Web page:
Twitter polls are a great way to drive engagement for your brand. They can be used for multiple purposes, from learning about your customers’ demographics to involving your followers in brand decisions. For example, if you run a cafe, ask your followers what flavor of coffee they want to see next, and use the results to make your decision. When your followers feel like you’re listening to them, they feel a stronger connection with your brand.
You can set your poll to end anywhere between five minutes to seven days after posting it. If the poll is coinciding with an event, make sure you don’t leave the poll open after the event is no longer relevant.
Try out Twitter threads and Fleets
For more involved messaging, you can also create Twitter threads, a series of tweets by the same handle where each tweet is a reply to the previous one. This is especially useful when you have a lot of information to share, and you can’t condense it into 280 characters. You can make a series of tweets in the same thread, and the information will be sequentially viewable to your followers.
Fleets, on the other hand, are Twitter’s answer to Facebook and Instagram Stories. This content sharing format has been doing the rounds across almost every network after it was conceptualized by Snapchat. Twitter rolled out Fleets as its own story feature in 2020. Fleets sit at the top of your profile and showcase your content for 24 hours before disappearing.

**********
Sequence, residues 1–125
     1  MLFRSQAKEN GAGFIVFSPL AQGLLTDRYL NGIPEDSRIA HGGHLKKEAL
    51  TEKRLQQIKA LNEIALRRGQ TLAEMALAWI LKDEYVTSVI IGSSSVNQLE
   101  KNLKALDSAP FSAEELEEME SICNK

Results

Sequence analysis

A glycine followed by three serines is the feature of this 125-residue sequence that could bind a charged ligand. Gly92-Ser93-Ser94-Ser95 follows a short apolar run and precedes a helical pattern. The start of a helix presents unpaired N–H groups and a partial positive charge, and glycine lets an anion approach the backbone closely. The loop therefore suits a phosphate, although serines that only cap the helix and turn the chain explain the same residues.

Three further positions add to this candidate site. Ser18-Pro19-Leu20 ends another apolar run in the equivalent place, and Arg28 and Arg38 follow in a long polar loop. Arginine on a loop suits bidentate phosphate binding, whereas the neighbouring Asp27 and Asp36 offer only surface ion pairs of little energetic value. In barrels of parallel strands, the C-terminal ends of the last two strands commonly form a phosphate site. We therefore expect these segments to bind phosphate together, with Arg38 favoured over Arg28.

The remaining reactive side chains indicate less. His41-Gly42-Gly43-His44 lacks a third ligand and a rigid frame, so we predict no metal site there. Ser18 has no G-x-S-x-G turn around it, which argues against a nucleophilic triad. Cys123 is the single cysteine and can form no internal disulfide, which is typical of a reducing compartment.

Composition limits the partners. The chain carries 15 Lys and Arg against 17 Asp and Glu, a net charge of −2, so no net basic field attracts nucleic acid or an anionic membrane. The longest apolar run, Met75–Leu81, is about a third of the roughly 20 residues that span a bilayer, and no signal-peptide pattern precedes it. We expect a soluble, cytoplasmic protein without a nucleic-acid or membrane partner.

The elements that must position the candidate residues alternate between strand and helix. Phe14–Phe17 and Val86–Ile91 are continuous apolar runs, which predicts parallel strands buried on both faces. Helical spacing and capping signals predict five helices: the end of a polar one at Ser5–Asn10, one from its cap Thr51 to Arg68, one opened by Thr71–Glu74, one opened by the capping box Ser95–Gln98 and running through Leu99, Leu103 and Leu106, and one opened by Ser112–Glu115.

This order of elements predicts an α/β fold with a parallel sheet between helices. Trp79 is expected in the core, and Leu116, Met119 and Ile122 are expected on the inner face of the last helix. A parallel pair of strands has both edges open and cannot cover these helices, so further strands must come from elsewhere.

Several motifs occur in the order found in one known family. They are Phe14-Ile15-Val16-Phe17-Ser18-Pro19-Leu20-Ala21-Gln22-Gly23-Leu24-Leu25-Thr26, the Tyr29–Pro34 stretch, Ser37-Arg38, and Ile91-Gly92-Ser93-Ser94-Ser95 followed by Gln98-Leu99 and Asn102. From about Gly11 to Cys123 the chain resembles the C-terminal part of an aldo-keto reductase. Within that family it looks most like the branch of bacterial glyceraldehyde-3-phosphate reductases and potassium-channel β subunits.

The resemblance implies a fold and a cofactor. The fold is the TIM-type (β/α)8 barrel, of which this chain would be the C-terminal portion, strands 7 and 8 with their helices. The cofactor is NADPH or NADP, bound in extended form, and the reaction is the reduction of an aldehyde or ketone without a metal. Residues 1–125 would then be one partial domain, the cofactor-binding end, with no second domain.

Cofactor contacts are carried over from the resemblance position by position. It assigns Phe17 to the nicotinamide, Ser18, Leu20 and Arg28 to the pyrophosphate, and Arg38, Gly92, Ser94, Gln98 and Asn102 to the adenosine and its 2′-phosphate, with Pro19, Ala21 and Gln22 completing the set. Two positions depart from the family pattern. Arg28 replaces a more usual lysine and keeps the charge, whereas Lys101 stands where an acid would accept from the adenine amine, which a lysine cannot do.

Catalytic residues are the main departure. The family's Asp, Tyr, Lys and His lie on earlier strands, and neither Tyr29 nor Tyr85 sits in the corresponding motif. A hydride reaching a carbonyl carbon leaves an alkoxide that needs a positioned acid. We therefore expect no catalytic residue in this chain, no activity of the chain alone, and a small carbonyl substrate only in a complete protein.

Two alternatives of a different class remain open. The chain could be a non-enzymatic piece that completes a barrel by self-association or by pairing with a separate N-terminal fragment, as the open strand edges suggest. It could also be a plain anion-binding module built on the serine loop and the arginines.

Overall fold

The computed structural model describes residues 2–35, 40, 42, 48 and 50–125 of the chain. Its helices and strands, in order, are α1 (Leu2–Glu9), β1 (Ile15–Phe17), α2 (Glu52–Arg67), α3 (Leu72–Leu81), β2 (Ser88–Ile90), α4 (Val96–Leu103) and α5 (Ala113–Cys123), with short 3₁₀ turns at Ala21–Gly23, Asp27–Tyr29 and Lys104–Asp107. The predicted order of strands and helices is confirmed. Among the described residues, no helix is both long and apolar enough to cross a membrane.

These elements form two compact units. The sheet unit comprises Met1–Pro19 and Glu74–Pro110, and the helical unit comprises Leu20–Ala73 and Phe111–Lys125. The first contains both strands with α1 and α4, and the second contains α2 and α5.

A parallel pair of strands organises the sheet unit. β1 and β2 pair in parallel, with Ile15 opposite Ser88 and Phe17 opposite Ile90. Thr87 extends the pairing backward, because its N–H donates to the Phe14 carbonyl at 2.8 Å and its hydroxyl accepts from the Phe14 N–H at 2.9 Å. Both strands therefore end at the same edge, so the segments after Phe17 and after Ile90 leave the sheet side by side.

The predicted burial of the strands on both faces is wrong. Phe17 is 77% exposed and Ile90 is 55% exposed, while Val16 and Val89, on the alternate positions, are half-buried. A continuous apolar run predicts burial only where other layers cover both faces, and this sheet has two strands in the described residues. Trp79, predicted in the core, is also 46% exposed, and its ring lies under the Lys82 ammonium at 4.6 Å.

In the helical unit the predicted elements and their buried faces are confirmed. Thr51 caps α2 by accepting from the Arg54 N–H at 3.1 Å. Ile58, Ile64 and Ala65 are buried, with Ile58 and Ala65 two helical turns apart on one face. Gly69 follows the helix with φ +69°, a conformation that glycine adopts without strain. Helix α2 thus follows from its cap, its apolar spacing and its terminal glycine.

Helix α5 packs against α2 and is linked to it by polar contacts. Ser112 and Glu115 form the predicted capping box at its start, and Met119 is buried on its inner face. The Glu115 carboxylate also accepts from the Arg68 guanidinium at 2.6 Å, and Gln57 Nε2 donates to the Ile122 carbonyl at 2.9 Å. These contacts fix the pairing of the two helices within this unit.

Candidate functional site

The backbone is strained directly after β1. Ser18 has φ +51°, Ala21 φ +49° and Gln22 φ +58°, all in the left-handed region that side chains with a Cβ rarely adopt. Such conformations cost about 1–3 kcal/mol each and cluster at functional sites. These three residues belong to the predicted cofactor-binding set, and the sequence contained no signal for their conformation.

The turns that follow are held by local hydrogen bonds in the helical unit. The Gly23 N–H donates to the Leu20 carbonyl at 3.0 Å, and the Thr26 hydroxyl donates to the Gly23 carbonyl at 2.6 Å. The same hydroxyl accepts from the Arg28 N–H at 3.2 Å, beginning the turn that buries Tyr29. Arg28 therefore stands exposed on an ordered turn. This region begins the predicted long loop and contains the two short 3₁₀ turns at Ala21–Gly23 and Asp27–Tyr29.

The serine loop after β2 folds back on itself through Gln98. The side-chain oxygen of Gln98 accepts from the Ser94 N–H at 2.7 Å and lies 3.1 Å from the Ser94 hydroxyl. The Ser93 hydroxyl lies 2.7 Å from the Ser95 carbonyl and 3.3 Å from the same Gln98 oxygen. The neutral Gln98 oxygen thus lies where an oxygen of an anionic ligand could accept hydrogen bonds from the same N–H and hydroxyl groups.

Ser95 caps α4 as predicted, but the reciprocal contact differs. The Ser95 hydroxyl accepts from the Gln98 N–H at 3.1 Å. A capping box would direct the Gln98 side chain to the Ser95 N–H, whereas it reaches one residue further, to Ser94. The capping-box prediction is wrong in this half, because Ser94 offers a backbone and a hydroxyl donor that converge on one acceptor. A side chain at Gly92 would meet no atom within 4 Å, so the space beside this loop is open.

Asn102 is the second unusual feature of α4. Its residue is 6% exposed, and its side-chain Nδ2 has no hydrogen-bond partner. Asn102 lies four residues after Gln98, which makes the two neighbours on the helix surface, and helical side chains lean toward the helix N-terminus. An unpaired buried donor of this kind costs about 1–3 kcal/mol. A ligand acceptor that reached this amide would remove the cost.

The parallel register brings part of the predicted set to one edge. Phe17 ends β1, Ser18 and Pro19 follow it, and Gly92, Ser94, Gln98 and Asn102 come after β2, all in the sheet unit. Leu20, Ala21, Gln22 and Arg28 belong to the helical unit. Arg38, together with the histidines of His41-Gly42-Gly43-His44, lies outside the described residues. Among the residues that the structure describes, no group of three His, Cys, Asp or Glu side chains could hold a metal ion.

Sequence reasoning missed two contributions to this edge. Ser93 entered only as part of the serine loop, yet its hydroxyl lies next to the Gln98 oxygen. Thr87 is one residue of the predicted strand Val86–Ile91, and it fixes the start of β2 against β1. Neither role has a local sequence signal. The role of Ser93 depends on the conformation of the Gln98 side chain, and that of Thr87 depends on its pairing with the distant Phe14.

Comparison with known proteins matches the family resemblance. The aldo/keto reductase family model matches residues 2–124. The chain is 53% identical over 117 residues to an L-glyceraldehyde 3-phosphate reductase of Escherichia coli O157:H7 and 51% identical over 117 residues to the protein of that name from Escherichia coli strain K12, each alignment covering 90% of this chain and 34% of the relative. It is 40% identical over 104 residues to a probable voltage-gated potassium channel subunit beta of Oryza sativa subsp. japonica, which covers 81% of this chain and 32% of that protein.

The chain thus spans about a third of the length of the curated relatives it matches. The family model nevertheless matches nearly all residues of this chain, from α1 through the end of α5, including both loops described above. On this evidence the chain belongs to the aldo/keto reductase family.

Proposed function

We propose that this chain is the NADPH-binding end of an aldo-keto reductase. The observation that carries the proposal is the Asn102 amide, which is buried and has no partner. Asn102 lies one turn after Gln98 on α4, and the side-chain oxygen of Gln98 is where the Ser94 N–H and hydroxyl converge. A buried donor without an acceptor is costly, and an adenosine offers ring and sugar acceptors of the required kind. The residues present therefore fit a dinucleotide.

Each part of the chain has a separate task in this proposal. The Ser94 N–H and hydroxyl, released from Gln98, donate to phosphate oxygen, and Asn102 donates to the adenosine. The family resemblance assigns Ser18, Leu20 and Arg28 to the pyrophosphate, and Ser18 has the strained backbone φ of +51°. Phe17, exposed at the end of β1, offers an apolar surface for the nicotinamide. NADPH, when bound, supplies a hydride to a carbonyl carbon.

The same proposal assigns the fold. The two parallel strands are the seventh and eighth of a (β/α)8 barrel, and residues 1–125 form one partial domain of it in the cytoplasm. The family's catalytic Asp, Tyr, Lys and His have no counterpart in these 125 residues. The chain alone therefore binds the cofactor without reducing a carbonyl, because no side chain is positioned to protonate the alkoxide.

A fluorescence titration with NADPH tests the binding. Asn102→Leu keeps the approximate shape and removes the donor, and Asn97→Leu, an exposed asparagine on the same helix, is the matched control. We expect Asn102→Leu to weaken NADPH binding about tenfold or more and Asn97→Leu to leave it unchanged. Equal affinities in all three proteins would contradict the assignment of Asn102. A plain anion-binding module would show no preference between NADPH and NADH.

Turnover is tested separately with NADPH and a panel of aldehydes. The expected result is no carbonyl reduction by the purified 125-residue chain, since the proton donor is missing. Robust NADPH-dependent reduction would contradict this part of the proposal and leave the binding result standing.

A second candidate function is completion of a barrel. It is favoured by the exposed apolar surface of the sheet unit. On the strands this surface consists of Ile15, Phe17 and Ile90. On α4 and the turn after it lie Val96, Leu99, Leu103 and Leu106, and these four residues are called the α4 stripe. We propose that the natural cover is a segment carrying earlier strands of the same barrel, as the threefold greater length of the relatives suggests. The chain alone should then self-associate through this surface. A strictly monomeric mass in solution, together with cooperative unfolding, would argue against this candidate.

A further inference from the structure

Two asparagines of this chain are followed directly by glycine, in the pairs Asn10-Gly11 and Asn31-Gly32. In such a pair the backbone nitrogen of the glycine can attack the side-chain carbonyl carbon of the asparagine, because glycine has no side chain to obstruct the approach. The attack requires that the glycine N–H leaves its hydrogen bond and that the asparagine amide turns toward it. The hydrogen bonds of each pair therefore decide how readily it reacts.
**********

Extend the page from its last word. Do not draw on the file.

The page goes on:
Sometimes, just creating great content isn’t enough. A lot of accounts are creating quality content online, yours just might need a little bit of a push to perform at its best—and that’s where Twitter Ads come in.
To create a Twitter Ad, you’ll first have to set up an advertising account. Just enter your Twitter ID and password and you should be good to go.
There are many different types of ads you can choose from, such as:
- Awareness: Used to maximize the views on your promoted Tweet. You’ll be billed per 1,000 impressions.
- Tweet engagements: Used to maximize engagement on your promoted tweets. You’ll be billed for all engagement types—retweets, replies, and so on—but only on the initial engagement with each user.
- Follower: Used to build your follower count on Twitter. You’ll be charged for each new follower.
- Website clicks or conversions: Used to redirect Twitter users to your website. You’ll be billed per click.
- App installs: Used to get more people to install your app. You’ll be charged for each app install.
- App re-engagements: Used to increase engagement rates with users who already have your app. You’ll be billed for each app click.
- Promoted video views: Used to help increase the views on your promoted video or GIF. You’ll be charged for each video view.